When You Should Know Your TSH Level

By Jeffrey R. Garber, MD, FACP, FACE

Screening Why screen people for a medical condition when they have no symptoms, risk factors, or a finding on a physical exam? Screening is done because
  • The condition is common
  • The condition is important
  • The condition is hard to diagnose, at least in its early stages
  • The diagnosis is easy to make
  • The diagnosis is accurate
  • Treatment for the condition is effective and safe
Despite this seemingly clear guidance, experts disagree about screening for thyroid-stimulating hormone (TSH) in the general population. The attached table shows the range of screening recommendations.
Though experts don’t agree about population screening for hypothyroidism [hie-po-THIGH-roid-is-m], evidence supports checking your TSH if you
  • have autoimmune disease, such as type 1 diabetes, or pernicious [per-NISH-ous] anemia
  • have a first-degree relative with autoimmune thyroid disease
  • have a history of neck radiation of the thyroid gland, including radioactive iodine therapy for hyperthyroidism [hie-per-THIGH-roid-is-m] and external beam radiotherapy for head and neck malignancies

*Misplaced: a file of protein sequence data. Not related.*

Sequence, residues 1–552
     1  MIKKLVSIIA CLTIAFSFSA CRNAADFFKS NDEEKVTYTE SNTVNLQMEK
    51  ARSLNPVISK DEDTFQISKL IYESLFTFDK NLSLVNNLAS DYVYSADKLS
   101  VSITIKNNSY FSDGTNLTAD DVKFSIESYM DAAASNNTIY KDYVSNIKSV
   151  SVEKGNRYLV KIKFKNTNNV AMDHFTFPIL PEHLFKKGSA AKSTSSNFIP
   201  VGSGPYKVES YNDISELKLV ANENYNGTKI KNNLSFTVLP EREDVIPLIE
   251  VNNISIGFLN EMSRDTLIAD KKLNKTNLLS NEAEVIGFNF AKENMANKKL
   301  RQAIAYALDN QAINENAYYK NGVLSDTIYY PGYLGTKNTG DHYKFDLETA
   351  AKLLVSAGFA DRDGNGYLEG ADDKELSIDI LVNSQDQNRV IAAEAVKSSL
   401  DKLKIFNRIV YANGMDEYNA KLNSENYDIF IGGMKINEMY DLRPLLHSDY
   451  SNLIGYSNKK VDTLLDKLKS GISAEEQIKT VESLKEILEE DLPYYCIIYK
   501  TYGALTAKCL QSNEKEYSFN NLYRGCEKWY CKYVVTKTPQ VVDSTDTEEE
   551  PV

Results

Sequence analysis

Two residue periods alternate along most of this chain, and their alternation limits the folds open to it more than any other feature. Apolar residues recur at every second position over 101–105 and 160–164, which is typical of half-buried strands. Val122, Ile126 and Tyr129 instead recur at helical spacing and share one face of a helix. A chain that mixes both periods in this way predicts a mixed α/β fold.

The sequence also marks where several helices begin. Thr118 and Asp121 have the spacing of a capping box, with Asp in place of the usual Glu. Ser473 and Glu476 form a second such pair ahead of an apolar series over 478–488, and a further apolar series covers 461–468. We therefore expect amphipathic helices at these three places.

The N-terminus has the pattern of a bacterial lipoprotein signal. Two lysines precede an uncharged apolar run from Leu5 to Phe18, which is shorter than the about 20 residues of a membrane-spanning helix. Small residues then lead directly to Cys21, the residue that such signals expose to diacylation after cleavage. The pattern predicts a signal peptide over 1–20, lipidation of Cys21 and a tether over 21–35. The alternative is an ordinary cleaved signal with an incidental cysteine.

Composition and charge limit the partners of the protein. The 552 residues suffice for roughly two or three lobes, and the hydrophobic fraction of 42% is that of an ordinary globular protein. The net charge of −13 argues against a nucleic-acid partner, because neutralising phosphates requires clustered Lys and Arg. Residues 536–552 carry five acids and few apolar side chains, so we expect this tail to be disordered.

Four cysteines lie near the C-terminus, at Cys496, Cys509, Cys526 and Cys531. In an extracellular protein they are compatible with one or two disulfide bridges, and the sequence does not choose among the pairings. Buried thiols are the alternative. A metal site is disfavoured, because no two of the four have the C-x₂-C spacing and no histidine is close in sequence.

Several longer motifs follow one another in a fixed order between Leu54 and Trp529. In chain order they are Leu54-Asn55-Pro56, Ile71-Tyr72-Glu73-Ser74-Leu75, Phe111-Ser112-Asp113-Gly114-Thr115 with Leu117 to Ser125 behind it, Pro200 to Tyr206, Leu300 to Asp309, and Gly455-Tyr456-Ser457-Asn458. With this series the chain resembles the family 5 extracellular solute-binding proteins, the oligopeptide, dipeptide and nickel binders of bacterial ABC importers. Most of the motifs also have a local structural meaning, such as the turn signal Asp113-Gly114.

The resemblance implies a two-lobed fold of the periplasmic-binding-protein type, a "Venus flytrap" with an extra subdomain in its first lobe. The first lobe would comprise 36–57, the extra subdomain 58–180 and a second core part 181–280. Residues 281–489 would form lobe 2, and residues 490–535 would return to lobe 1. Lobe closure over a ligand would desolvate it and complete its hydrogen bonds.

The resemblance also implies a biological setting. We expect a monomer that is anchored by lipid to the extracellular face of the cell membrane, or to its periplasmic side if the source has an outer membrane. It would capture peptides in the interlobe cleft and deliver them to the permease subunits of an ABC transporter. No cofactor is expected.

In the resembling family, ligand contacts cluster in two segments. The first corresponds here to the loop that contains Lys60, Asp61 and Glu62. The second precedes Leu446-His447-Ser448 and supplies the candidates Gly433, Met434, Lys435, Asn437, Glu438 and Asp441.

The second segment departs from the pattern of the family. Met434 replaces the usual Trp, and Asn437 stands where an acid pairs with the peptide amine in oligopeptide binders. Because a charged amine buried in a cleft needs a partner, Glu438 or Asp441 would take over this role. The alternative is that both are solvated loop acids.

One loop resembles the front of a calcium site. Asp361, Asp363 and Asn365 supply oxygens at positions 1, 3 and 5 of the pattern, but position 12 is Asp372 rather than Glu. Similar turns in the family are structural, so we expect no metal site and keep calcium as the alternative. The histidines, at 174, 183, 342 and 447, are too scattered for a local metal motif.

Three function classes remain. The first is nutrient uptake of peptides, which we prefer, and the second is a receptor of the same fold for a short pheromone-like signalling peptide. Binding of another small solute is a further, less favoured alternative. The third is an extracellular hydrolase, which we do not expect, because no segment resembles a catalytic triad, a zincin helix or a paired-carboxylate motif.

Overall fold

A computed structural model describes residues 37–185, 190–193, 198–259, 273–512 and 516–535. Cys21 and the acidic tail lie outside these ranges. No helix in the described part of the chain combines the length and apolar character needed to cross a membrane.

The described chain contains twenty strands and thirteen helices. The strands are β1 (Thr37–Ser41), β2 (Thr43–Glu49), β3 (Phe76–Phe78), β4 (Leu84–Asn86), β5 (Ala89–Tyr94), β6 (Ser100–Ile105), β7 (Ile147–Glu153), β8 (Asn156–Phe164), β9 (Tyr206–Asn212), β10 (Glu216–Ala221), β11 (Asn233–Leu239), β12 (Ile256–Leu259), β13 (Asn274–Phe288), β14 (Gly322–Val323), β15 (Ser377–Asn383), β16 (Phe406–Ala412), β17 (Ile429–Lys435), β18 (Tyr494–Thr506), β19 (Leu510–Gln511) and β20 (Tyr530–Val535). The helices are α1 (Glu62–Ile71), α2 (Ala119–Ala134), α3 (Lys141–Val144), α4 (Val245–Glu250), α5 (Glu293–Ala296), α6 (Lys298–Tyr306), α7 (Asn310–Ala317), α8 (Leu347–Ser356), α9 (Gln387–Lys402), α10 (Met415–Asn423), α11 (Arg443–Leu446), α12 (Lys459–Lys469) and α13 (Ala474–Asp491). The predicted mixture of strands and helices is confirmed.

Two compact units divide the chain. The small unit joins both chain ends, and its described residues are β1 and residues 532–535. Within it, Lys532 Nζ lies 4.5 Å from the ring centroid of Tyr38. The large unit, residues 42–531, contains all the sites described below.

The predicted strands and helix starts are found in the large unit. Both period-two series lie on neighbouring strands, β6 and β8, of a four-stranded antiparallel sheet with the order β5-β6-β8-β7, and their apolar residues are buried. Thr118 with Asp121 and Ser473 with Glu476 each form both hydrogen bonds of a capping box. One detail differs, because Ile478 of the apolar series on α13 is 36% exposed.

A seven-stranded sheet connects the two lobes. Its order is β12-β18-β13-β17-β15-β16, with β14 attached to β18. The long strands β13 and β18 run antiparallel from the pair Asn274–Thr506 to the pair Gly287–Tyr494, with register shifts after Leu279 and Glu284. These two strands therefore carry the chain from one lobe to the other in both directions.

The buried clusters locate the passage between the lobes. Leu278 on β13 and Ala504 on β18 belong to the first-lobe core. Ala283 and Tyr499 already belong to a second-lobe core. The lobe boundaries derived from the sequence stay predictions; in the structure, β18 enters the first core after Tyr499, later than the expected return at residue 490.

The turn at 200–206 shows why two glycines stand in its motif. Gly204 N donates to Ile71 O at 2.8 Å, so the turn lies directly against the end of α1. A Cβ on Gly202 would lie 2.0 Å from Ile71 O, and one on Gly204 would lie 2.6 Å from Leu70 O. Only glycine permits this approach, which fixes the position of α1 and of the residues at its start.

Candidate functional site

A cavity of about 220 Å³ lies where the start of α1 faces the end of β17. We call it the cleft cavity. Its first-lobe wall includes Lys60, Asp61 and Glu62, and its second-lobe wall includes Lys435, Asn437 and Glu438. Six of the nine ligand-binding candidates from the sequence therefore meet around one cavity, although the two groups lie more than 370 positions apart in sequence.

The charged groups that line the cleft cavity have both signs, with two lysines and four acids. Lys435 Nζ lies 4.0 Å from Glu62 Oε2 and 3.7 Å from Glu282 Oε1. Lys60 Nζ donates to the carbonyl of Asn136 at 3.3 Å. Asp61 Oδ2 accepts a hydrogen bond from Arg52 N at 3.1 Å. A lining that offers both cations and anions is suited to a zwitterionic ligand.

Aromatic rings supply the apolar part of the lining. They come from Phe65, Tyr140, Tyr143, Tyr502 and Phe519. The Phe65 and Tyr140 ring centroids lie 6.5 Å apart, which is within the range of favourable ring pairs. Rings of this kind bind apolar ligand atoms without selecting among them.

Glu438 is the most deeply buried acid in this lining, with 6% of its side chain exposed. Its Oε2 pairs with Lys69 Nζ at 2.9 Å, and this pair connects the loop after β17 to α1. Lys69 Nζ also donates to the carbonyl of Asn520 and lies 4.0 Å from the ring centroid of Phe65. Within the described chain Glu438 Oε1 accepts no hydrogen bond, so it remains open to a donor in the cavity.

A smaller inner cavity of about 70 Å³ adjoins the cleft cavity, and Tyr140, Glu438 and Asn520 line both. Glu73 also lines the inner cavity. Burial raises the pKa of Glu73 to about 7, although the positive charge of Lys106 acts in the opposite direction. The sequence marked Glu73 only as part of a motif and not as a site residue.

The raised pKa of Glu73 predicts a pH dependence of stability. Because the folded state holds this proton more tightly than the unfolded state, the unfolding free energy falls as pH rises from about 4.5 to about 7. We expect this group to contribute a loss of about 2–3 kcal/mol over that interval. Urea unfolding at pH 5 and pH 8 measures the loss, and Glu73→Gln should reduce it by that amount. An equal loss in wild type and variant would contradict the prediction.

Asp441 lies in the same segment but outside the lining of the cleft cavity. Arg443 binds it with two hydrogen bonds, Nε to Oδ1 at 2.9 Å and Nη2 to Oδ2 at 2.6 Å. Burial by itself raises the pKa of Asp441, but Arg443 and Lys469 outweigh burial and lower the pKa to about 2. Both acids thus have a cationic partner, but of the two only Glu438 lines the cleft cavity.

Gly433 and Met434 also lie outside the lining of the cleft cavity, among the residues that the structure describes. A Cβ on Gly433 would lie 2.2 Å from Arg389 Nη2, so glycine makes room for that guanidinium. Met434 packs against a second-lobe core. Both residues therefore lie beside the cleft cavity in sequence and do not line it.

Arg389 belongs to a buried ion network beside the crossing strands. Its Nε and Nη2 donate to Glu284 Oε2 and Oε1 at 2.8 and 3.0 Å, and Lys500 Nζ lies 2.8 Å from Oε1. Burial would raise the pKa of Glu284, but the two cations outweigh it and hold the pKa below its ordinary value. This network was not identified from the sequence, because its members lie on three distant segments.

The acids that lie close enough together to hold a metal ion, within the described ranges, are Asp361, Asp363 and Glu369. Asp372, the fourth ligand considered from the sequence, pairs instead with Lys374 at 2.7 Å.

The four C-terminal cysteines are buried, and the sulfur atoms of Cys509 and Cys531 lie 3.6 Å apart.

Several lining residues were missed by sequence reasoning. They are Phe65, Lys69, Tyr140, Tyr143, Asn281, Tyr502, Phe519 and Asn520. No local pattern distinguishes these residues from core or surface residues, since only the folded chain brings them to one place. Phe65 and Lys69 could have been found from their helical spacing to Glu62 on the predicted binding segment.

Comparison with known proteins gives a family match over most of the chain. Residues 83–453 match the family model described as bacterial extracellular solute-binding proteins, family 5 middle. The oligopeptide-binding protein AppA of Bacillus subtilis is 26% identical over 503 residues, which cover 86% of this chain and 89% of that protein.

• have a prior history of thyroid surgery or dysfunction
  • have an abnormal thyroid examination
  • have psychiatric disorders
  • are taking medicines that may affect the function of your thyroid, such as amiodarone [A-MEE-oh-duh-rone] or lithium
  • have an elevated cholesterol level
Studies are exploring whether or not universal TSH screening should be done in all women planning pregnancy or who are pregnant.

Dr. Jeffrey R. Garber is presently Chief of Endocrinology at Harvard Vanguard Medical Associates and a member of the Beth Israel Deaconess Medical Center and Brigham and Women’s Hospitals endocrine divisions. He is an Associate Professor of Medicine at Harvard Medical School, where he played a substantive role in the clinical training of more than 35 endocrine fellows. Dr. Garber currently serves as Immediate Past President of the American Association of Clinical Endocrinologists (AACE). His book, The Harvard Medical School Guide to Overcoming Thyroid Problems, was written for members of the lay public interested in learning about thyroid disorders.